- The Trump administration is considering the massive overhaul as it tries to pin the blame for its bungled response to the pandemic on the CDC, Politico reported.
- The CDC would undergo a performance review, multiple officials told Politico. The audit would likely highlight several failures, such as the inability to deploy working tests in the early months of the coronavirus pandemic.
The White House is considering a massive overhaul at the Centers for Disease Control and Prevention as the Trump administration tries to pin the blame on the agency for the bungled U.S. response to the coronavirus pandemic, according to a report.
The CDC would undergo a performance review, multiple senior administration officials told Politico. The audit would likely highlight several failures, such as the inability to deploy working tests in the early months of the pandemic.
White House staffers have discussed narrowing the CDC's mission or adding political appointees, Politico said.
The goal, one official said, would be to make the agency more "nimble" and "responsive," according to Politico.
Over the last few months, President Donald Trump has been trying to deflect criticism of his response to the outbreak and could be looking for an entity beyond China to blame.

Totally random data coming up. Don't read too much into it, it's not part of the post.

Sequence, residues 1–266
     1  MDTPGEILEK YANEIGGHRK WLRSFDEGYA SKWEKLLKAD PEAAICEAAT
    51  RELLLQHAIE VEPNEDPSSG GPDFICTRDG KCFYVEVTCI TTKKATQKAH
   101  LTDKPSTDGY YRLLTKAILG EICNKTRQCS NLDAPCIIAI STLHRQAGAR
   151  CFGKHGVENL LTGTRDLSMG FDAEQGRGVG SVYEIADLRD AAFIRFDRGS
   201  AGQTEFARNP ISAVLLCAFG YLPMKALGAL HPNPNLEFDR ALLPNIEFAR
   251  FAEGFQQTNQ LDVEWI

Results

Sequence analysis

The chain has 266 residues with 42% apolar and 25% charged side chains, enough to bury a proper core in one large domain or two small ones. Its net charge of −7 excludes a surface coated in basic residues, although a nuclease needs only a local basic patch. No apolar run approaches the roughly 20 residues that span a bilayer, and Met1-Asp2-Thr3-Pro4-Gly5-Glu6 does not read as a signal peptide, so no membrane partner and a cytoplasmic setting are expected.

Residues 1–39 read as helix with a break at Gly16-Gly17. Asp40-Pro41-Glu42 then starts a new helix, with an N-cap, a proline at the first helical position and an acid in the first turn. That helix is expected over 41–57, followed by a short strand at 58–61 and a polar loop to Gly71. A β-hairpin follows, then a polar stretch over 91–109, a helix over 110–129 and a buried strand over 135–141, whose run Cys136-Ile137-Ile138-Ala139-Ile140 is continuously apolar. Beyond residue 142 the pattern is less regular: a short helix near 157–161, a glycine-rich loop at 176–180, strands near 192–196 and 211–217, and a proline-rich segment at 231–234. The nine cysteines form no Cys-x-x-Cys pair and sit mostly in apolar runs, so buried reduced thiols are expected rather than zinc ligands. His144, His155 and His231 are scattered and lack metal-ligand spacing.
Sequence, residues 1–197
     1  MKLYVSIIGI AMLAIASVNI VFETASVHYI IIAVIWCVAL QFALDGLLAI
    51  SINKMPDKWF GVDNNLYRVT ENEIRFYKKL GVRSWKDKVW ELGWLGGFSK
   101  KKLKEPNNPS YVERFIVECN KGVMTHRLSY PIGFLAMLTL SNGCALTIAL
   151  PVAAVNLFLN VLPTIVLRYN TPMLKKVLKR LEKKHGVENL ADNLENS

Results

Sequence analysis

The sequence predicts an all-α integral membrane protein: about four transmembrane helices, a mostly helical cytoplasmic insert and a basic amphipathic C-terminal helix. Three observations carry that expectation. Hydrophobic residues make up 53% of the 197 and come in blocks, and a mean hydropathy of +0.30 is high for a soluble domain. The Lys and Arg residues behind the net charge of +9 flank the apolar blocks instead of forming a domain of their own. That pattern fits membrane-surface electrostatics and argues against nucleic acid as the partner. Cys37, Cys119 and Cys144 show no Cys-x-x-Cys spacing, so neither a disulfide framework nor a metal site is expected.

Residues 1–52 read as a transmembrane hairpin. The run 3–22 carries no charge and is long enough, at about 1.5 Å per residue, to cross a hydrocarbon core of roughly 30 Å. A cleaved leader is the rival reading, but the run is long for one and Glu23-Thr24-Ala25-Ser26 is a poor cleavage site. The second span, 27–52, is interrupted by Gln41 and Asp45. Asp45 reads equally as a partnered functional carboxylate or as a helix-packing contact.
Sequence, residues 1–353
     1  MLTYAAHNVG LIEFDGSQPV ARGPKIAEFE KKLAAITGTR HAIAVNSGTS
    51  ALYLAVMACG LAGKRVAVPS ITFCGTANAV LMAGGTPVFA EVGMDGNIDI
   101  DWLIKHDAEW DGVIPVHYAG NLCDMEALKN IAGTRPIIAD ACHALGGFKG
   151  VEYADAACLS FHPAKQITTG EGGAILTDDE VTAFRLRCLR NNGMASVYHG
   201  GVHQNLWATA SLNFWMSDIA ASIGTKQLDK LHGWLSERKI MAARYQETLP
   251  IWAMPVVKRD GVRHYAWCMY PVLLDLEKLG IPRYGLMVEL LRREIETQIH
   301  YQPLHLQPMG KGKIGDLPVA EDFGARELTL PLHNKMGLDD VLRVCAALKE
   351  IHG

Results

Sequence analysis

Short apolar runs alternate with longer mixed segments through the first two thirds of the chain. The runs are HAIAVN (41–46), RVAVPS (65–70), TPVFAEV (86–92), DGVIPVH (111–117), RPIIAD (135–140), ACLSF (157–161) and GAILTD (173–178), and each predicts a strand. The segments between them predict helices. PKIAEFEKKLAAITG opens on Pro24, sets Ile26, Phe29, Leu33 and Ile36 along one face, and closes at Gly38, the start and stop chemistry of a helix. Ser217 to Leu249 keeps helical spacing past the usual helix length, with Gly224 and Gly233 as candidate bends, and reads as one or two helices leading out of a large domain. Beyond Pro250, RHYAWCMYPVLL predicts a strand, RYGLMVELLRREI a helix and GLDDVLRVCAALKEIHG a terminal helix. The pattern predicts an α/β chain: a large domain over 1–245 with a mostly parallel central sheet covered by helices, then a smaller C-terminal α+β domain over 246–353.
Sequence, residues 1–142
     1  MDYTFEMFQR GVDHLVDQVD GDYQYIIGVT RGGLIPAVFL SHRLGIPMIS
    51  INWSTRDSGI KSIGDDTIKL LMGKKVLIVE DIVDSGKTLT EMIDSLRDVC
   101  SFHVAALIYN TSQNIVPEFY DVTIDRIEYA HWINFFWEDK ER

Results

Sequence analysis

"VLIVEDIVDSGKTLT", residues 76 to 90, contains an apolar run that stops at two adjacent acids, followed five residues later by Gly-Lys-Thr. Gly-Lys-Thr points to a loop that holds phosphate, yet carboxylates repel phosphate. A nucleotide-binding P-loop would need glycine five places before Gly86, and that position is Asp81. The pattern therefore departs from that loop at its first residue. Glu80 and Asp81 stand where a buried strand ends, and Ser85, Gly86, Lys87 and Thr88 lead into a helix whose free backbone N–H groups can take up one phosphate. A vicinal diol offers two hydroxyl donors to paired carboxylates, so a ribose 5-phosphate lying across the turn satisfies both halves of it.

Since the outbreak began, Trump's relationship with the CDC has been contentious. He initially dismissed alarms from agency officials.
In May, Trump ignored guidance issued by the CDC on how to safely reopen businesses.
Top politicians including former Vice President Joe Biden, the presumptive 2020 Democratic presidential nominee, have been critical of Trump's handling of the crisis.
The White House declined to comment on the Politico report, and the CDC and Department of Health and Human Services did not immediately return CNBC requests for comment.
The CDC has long been regarded as a top-tier health agency around the world, but the pandemic has intensified scrutiny of its operations.
The outbreak has spread to dozens of countries, with more than 9.1 million confirmed cases worldwide and over 472,541 deaths, according to Johns Hopkins University. The U.S. has had at least 2.3 million cases and 120,402 deaths, according to the latest tallies.